Torah E-Thought: The best day for a Wedding

 
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Dear Friend,

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Wishing you a Good Shabbos,



Rabbi Eli Pink
Director of Education
Chabad Lubavitch Leeds

.........................

A new law passed this week raising the age of marriage in England and Wales to eighteen. The last part of our parshah talks about marriage and relationships and though I shouldn’t be surprised anymore, it is still special when events coincide so clearly with the weekly parshah.

Many Jewish weddings take place on a Sunday but what is the best day of the week to get married?

Among Jews, the best day of the week is Tuesday, because the third day of creation was doubly blessed by G-d; He said “It was good” not once, but twice. However, weddings are not limited to that day; we hold weddings on all days of the week except for Friday night, the eve of Shabbos. For practical reasons as well, weddings are usually not held on Friday daytime either.

However, until about one hundred years ago, it was very common in Eastern Europe to hold Chuppahs specifically on Friday afternoon and wedding celebrations on Friday night. In times when people struggled to put bread on the table, it lowered the cost of the wedding celebrations by coupling it with Shabbos dinner.

Around four hundred and fifty years ago, one such wedding was scheduled for Friday afternoon in the city of Krakow, Poland. Krakow was one of the important Jewish centres of its day, and its rabbi was the world-renowned Rema, Rabbi Moshe Isserlis.

This wedding was bittersweet because the bride was orphaned of both her parents. The bride’s relatives had promised to provide the dowry to which the father had committed, but when the moment of truth arrived, they could only show two thirds of the sum. By the time negotiations were settled, Shabbos had already begun. It was too late to hold the chupah.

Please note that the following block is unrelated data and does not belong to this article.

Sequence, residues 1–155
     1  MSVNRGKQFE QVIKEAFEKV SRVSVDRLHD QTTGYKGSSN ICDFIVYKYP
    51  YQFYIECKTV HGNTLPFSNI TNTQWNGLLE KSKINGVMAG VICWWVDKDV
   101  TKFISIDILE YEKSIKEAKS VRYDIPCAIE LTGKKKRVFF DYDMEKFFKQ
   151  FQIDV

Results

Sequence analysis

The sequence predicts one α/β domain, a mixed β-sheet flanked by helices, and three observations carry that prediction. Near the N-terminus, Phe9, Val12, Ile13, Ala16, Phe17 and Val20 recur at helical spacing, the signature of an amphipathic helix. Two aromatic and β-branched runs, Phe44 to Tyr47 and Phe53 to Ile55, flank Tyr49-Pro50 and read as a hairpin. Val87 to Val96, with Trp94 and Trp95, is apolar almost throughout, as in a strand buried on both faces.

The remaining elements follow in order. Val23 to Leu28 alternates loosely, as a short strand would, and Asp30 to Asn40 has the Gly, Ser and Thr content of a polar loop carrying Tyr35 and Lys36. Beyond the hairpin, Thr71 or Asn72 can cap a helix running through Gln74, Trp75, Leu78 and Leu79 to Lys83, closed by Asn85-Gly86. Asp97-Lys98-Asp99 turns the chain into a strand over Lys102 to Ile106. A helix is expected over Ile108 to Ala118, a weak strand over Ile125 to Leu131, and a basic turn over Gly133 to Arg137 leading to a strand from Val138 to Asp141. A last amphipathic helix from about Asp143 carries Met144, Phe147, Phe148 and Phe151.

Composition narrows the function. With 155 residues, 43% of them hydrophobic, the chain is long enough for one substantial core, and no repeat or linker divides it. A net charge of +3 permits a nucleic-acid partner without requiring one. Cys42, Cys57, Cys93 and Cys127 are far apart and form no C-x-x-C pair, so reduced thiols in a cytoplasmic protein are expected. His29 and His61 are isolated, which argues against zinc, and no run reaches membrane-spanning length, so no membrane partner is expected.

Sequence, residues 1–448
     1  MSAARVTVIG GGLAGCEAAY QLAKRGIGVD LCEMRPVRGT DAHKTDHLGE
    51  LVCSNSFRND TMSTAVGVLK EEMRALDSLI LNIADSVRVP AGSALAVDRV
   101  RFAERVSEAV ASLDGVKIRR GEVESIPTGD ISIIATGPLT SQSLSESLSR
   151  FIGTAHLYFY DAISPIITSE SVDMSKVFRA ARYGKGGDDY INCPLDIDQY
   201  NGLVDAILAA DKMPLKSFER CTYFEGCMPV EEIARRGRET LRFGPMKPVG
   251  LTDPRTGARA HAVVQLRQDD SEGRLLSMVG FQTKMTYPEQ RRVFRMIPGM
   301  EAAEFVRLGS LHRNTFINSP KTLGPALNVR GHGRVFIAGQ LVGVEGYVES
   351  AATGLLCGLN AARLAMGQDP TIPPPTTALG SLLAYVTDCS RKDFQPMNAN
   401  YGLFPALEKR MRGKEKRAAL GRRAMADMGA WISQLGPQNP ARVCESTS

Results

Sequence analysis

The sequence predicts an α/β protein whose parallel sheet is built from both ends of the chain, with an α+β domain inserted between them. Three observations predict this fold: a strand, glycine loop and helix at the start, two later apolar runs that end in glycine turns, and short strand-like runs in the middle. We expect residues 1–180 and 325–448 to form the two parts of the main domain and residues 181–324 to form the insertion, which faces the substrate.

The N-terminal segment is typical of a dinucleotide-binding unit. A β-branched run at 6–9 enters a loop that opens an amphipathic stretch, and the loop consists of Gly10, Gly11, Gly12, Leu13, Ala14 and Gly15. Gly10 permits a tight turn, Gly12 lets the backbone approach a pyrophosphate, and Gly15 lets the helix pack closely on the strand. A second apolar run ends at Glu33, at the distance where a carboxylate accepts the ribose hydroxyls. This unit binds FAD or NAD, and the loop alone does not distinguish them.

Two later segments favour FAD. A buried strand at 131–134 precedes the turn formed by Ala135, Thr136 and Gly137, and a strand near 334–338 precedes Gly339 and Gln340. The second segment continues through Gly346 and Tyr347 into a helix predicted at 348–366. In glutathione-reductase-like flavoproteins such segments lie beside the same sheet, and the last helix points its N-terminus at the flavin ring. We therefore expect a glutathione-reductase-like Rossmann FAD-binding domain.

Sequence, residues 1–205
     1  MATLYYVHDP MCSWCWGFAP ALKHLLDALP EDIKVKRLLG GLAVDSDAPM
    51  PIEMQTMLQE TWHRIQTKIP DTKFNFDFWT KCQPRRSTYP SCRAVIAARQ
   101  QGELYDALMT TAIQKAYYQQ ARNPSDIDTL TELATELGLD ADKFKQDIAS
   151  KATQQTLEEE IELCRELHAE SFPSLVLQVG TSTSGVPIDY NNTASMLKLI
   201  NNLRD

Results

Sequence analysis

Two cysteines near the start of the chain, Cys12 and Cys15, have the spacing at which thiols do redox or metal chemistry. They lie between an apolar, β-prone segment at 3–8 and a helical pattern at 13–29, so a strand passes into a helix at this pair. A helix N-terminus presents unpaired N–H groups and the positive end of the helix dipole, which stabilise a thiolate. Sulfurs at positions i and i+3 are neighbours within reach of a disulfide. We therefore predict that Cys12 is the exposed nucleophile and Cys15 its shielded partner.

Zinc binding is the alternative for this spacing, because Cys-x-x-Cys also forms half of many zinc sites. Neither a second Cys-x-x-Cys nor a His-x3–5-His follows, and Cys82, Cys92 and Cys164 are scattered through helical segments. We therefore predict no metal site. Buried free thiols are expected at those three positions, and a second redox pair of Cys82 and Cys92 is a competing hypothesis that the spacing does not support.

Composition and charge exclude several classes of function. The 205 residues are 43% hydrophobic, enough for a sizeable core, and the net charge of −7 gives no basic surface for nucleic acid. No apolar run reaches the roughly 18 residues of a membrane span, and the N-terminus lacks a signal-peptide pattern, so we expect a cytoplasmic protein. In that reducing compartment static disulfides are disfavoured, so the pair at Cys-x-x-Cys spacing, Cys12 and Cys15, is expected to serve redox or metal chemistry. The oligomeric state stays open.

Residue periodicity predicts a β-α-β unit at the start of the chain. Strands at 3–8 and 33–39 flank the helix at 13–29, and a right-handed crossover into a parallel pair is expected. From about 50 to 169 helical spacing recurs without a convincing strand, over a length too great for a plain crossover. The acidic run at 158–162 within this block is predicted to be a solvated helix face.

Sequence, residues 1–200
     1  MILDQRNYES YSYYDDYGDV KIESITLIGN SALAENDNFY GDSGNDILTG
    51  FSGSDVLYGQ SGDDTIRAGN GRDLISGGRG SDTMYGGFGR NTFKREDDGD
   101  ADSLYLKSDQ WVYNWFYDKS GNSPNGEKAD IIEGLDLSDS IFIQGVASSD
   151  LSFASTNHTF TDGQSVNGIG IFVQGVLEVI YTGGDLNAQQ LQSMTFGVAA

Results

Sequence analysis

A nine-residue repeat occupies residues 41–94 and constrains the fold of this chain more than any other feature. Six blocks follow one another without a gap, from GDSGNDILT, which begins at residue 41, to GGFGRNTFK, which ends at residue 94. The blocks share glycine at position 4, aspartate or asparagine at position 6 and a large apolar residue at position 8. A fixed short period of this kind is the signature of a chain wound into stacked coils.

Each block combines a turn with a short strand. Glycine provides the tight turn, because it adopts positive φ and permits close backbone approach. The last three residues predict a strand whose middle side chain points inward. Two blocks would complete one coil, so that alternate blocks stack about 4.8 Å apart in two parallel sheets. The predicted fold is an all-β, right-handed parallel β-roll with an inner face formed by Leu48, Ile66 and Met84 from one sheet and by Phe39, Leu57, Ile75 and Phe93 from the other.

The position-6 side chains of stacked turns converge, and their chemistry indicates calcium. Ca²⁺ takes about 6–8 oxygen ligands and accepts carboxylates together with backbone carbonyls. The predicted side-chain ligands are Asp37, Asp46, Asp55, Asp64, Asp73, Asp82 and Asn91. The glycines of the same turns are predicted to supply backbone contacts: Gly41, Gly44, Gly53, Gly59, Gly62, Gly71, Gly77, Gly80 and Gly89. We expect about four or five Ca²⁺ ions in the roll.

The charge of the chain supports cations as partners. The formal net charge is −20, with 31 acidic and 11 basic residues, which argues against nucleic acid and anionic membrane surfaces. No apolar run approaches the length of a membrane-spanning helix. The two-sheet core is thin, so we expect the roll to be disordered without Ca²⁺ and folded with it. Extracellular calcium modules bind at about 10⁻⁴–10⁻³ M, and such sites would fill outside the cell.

The Rema made a quick decision. To protect the dignity of the orphan girl, he decided to hold the chuppah on Friday night. Obviously, his decision raised an uproar, but the Rema wrote a long halachic responsa explaining his decision to rely on a more lenient interpretation of the law when faced with strenuous circumstances. “And there is no more strenuous circumstance,” the Rema wrote, “than when the life-long dignity of an orphan girl is at stake, especially when the entire match is at risk…”

We are now in the days of Sefirat Haomer, when we mourn the death of the twenty-four thousand students of Rabbi Akiva who died in an epidemic over a period of thirty-three days between Passover and Shavuot, and therefore we observe traditions of mourning for thirty-three days. There are differing opinions when these thirty-three days took place, with Sephardim, Ashkenazim and Chassidim all keeping the restrictions at different time.

However, there is one day that weddings are held: Lag Baomer. What is fascinating is that Lag Baomer is also the yahrzeit of the one who took a stand of ahavat yisrael to care for a lonely orphan bride — the Rema himself.

Weddings are beautiful occasions. On a simple level, weddings remind us of the days when we were young, and it gives a good feeling to all the participants. But the Rebbe explained a deeper reason. Weddings remind us of the marriage of G-d and the Jewish people. And it’s more than just a reminder; with every Jewish couple that gets married, we hasten the marriage of G-d and the Jewish people with the coming of Moshiach — may it be speedily in our days.

 
 
 
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Parshah in a Nutshell

Parshat Acharei

Following the deaths of Nadav and Avihu, G‑d warns against unauthorized entry “into the holy.” Only one person, the kohen gadol (“high priest”), may, but once a year, on Yom Kippur, enter the innermost chamber in the Sanctuary to offer the sacred ketoret to G‑d.

Another feature of the Day of Atonement service is the casting of lots over two goats, to determine which should be offered to G‑d and which should be dispatched to carry off the sins of Israel to the wilderness.

The Parshah of Acharei also warns against bringing korbanot (animal or meal offerings) anywhere but in the Holy Temple, forbids the consumption of blood, and details the laws prohibiting incest and other deviant sexual relations.